As an added benefit, modeling attention explicitly enables us to visualize what QARAT learns. we report visualizations of the focus of the algorithm when embedding a pair of query and document. Figure 1 shows one such visualization, where the most important words for modeling of the interdependence between the question and the answer terms are marked in green. In the example on the left, the phrase “in 1981” and “company” are learned to be similar to the phrase “chairman” in the query, and therefore receive higher attention for ranking. Similarly, in the example on the right, the phrase “born in” and “Florence” are represented most prominently in the embedding due to their similarity to the query

In summary, the contributions of this work are threefold: First, we propose QARAT , a novel method that improves answer ranking for long question-answer pairs via attention mechanisms. Second, we present visualizations and interpretability of our method to help gain insights into the method. Finally, we present strong empirical performance of our method on several challenging question answering datasets for answer ranking.

Figure 1. Attention layer weights for a sample of questions.

2. Related Work

Question-answer selection and ranking has been an active area of research for decades, presenting many solutions. For example, reference Wang et al. (2007), modeled question-answers relations to a parse tree in a way that questions and their relevant answers are connected via syntactic transformations. Others, e.g., (Heilman and Smith, 2010; Severyn and Moschitti, 2013) focused on parse tree editing for a question-answer pair, searching for minimal tree edit operations using heuristics, probabilities, and also automatic creation of features. Deep learning solutions have also been proposed for this task. Yu et al. (2014) created a deep learning model and learned to match questions and answers by using their semantic structure. Other works learned the question and answer representation and matched them by similarity metric. For example, Severyn and Moschitti (2015) created a convolutional neural network (CNN) that receives as input vectors of question and answer pairs and returns a score for each pair. They manually added word indicator features for whether a word appeared both in the question and answer. Tan et al. (2015) created an LSTM-based model by creating a biLSTM network with three gates (input, forget and output) separately for the question and the answer. They then used cosine similarity for the score analysis. This model was presented with CNN filters as well.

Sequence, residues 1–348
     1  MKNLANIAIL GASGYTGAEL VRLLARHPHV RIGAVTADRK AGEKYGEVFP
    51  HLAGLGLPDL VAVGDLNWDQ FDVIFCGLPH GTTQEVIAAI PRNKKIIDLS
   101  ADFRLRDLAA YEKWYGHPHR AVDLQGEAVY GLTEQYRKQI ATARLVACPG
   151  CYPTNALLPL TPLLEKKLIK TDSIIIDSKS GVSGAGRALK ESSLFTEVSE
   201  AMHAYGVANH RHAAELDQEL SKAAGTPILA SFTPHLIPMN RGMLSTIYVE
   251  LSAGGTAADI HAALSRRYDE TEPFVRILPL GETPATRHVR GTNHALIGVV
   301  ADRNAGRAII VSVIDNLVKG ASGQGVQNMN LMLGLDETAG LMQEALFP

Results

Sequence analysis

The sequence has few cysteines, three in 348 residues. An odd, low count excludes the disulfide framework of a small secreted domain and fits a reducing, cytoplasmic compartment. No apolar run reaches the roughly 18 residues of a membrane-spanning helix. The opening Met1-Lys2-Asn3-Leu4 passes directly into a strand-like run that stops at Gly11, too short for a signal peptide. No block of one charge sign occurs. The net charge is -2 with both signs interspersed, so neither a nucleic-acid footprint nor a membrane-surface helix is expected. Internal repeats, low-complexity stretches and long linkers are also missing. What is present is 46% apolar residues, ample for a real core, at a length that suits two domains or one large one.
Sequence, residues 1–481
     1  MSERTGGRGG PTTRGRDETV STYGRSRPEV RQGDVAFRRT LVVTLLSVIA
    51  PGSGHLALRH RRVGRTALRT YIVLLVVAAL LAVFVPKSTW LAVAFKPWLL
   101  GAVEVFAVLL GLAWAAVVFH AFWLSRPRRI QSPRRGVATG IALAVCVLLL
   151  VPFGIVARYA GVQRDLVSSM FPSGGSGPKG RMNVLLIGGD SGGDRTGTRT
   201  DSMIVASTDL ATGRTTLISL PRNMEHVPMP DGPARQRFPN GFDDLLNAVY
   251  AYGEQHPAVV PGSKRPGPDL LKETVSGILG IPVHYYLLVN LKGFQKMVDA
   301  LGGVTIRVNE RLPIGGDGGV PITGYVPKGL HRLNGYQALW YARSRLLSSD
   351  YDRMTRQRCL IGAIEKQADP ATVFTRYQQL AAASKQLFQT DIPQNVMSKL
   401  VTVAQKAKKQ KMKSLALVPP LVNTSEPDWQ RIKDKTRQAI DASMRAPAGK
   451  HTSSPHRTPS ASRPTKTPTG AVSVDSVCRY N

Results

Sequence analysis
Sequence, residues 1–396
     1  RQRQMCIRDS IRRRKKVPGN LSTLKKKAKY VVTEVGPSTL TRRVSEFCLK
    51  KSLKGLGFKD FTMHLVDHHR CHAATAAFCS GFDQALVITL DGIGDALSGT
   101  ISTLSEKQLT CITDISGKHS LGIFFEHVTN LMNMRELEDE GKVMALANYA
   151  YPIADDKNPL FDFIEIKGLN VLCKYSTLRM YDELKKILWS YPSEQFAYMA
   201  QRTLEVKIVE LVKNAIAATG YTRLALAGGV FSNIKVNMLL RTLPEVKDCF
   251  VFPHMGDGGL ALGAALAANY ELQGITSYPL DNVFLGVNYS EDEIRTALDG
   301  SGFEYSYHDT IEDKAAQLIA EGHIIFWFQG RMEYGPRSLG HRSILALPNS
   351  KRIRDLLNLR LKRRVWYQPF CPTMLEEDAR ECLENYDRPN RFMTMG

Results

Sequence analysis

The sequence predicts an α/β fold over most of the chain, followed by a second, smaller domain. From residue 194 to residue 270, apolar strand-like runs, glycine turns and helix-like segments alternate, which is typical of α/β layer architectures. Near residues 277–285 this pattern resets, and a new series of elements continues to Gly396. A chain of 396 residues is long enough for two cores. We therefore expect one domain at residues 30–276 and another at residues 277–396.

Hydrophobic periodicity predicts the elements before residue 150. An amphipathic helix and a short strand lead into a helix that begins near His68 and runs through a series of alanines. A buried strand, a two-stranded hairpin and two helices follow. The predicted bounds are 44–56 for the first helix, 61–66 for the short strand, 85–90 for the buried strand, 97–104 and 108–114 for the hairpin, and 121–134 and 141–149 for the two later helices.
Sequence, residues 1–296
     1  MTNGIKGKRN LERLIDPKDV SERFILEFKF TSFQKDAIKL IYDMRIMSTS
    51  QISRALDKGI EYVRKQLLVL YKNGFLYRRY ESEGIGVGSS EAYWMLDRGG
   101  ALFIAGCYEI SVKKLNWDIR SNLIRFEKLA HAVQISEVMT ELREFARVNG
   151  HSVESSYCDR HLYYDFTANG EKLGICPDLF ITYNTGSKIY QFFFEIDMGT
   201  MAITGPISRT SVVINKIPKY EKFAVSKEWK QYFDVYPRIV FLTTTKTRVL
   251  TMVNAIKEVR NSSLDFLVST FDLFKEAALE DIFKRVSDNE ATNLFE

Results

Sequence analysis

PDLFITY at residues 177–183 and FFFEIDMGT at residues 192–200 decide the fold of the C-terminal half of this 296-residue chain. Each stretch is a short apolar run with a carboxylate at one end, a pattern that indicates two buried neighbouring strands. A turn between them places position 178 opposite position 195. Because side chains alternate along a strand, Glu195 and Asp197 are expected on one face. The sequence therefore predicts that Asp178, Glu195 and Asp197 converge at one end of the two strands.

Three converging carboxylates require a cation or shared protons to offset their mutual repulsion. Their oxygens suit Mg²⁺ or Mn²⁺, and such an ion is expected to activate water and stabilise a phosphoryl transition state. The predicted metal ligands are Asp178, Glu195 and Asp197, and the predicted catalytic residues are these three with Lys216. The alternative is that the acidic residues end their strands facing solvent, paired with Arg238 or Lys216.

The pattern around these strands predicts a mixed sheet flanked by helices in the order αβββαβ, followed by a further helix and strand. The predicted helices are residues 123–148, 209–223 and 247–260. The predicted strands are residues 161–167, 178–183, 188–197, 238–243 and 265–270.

Attention mechanisms have been applied in several domains, including image tasks (Denil et al., 2011; Larochelle and Hinton, 2010) and other natural language processing tasks, such as machine translation (Bahdanau et al., 2014a), textual entailment (Yin et al., 2015), etc. However, to the best of our knowledge, our work is the first to use attention mechanisms for the task of ranking question and answers. Our model is based on a feed forward network with an attention layer that aims to focus on the relevant parts of the question and the answer and overcome weaknesses of other models with dealing with long or confusing answers.

3. Question Answering Ranking with Attention

In this section, we provide the problem definition of ranking answers for a question and present QARAT , our deep learning model with the attention mechanism.

3.1. Problem Definition

Given a question and possible answers for this question , we aim to rank candidate answers by their relevance to . We adopt a common pointwise method for ranking. The method requires training a binary classifier based on training instances composed of tuples of the form , where is a label indicating whether the answer is relevant for and is a function mapping the query-answer pair to a feature vector. In this work, we mainly focus on finding the best to represent the query-answer pairs.